Adventures in Marketing: Week 110

No café sales.
But the construction worker who’s bought a “Cheesesteak” stopped by my table to say he was enjoying it, and the woman from the bicycle shop to whom I give the Datebook section of the paper, when I haven’t given it to the octogenarian aerobics instructor said, “Are those your books? I’ll have to pick one up sometime.”

In other news, I finally learned how the distributor did with “The Schiz.” The rumored 900 “pre-sales” seem to have turned into 548 actual orders, of which 280 (so far) have been returned. That looks like 268 copies sold, which seems pretty grim; but when you figure this was a book whose own back cover boldly declared it “much rejected” and “much reviled” and which had no advertising, no publicist, no reviews, and an author whose own former publisher had declared him someone “no one has never heard of,” it is somewhat astonishing it sold any copies at all. Then when you add the 80 or so books I sold myself, with no one else taking a cut, I am left less than a grand in the hole, which I can lose a hellova lot more than from my IRA in the blink of a tweet from the c**ksucker-in-chief, it’s pretty much “Pick yourself up; brush yourself off; and start all over again.” Besides, as my friend Robert the Glass Artist says, “That’s not the point, is it?”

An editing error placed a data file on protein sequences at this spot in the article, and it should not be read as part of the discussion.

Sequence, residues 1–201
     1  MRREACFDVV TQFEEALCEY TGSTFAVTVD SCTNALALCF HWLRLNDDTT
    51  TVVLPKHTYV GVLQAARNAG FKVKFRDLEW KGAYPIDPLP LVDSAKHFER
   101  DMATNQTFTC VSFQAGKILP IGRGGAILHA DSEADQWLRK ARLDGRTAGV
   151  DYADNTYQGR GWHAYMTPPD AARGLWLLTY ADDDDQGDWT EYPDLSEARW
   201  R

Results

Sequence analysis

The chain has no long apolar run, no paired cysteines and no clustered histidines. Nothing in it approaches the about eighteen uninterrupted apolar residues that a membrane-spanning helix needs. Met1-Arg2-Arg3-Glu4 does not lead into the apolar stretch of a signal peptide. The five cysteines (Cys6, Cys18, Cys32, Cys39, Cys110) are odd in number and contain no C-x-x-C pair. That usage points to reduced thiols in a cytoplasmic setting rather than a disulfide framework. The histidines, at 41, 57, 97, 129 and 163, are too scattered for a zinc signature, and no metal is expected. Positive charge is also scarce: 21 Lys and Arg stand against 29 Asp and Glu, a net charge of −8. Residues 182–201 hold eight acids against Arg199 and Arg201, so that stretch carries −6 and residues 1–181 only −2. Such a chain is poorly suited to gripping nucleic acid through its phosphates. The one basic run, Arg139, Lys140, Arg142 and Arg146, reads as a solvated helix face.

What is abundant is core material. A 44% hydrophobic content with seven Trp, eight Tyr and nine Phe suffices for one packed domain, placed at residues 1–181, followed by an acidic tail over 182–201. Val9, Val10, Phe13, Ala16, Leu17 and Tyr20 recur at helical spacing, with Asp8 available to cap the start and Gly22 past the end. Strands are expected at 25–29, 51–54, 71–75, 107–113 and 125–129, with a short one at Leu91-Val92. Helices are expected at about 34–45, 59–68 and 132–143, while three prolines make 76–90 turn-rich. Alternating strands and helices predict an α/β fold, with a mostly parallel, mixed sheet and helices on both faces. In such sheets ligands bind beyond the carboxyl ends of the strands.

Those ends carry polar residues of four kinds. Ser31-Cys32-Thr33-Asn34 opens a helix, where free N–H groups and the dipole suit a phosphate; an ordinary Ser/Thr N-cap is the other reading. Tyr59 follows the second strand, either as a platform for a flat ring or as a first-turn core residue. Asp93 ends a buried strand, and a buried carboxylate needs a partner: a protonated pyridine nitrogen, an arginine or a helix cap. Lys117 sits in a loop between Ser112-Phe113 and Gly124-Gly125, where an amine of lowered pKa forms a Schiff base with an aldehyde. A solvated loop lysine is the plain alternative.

Of course, it’s not. I know that. Yet the availability and convenience of numerical measures – sales, gross – even amidst others of more spiritual gradient, enables them to persistently weigh upon me.
Time to step up the meditation.